Comments to Cladistics/Eclecticism, part 3

Gurcharan Singh singhg at SATYAM.NET.IN
Sat Feb 9 10:23:28 CST 2002

Susanne Schulmeister writes:
>6. Speciation backwards?
>We had this example with some humans flying to Mars.
>If these guys come back after some time and they are
>still able to interbreed with the humans on Earth, it
>is obviously still the same species. If they have been
>completely isolated from us, with no exchange of
>genetic material, long enough, there might develop a
>reproductive barrier. If the humans from Mars then
>come back and they cannot have fertile offspring with
>the humans on Earth, the Martians and Earthlings must
>be considered different species.

Well yes  they should have also developed some morphological differences
along to go with reproductive barriers otherwise it will be futile. The very
purpose of systematics is defeated if the species recognised are not
identifiable (for which we need some morphological features), should
maintain these features through generations (should produce similar
offsprings true and not interbreed with other species in nature). We have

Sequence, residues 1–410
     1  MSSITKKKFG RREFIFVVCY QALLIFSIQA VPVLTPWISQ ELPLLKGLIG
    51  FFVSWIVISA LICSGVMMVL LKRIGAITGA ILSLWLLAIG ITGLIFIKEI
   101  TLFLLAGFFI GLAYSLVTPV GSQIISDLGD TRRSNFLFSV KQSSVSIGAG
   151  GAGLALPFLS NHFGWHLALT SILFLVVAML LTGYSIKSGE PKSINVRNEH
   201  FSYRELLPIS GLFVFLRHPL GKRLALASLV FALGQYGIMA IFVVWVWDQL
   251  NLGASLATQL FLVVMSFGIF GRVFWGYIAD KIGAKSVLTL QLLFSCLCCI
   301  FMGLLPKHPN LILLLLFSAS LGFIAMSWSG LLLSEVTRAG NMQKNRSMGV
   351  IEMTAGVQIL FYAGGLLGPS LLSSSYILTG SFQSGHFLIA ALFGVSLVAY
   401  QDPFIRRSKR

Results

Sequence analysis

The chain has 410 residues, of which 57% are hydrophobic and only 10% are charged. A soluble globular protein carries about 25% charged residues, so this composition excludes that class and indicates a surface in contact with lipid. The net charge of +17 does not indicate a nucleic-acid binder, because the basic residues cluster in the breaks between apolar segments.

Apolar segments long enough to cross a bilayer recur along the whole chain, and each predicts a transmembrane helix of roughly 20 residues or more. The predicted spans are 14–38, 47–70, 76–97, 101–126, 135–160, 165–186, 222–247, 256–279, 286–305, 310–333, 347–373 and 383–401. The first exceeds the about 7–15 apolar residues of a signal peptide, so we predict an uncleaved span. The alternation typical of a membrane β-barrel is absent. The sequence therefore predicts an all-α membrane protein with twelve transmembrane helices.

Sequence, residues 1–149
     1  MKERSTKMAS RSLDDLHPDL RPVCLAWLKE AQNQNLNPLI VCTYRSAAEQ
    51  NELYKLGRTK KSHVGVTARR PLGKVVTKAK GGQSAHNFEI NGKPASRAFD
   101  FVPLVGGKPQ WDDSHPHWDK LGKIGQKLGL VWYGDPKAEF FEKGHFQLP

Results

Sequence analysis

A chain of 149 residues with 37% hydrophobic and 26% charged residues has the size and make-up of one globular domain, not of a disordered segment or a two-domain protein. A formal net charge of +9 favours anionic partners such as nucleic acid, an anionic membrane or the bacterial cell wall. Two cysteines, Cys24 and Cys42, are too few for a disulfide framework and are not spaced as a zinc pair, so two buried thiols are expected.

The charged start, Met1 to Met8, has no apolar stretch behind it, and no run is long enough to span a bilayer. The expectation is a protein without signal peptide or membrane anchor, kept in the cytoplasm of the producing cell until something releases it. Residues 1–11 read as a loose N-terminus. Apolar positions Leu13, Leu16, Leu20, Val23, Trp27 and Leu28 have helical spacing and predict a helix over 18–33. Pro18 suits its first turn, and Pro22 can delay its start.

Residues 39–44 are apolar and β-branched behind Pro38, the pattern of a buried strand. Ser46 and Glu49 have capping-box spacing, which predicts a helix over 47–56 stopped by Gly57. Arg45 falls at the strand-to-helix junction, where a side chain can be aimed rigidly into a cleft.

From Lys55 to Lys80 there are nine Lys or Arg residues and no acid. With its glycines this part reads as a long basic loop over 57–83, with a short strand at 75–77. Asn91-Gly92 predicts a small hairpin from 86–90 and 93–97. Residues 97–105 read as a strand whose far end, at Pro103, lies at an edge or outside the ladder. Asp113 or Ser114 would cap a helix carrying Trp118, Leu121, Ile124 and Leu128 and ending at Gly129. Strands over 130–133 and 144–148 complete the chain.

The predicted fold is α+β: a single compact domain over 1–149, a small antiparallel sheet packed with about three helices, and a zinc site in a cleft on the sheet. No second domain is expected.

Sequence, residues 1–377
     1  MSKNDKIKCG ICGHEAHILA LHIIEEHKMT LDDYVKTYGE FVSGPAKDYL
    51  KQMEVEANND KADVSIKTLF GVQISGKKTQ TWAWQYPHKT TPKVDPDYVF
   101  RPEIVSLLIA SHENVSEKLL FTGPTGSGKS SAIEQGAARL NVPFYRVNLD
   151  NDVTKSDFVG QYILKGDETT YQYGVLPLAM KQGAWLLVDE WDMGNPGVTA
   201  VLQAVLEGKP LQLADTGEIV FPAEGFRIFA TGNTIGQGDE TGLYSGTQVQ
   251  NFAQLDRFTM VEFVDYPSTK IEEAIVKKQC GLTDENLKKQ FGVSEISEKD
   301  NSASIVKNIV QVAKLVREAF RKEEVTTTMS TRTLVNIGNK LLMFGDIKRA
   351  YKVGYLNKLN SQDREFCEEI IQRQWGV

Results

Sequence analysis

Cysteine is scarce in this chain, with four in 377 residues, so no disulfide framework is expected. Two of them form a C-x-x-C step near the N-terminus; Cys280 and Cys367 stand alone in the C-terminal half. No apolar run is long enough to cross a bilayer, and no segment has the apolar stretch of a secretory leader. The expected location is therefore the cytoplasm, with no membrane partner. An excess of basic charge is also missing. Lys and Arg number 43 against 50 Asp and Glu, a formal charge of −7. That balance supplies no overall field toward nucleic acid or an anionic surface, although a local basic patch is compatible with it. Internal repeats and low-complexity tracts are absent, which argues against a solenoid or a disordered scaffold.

first to identify Martians and Earthlings before you can call them different

>You circumscribed this as: “Species A budds off
>species B.”
>This thinking is based on a morphological species
>concept, which sees species as morphologically
>distinguishable entities. As I said above, this
>concept is incompatible with Cladistics and, by the
>way, is completely outdated.

I think we are going back to the same  bebate when Experimental taxonomists
during the middle of last century thought they are much superior to orthodox
taxonomists. The problems arise when one category of workers start feeling
themselves superior. To me there is no conflict between Morphological
species concept and others particularly those based on reproductive
barriers. To me almost all (with a minuscule number of exceptions) species
recognised on morphological basis by Linnaeus, his predesors and followers
and which exhibit sexual reproduction are still recognisable distinct
species because they have also developed reproductive barriers with other

It is time we started respecting those practicing other approaches of study,
identify areas of understanding and find solutions to critical problems, and
I am sure they are few (like vicariants, sibling species, microspecies).

Gurcharan Singh
Dr. Gurcharan Singh
Department of Botany                                                    Res:
932 Anand Kunj
Sri Guru Tegh Bahadur Khalsa College                            Vikas Puri
University of Delhi , Delhi-110 007, INDIA                          New
Email: singhg at; singhkg at
Phone: 5531534  Cell: 9810359089

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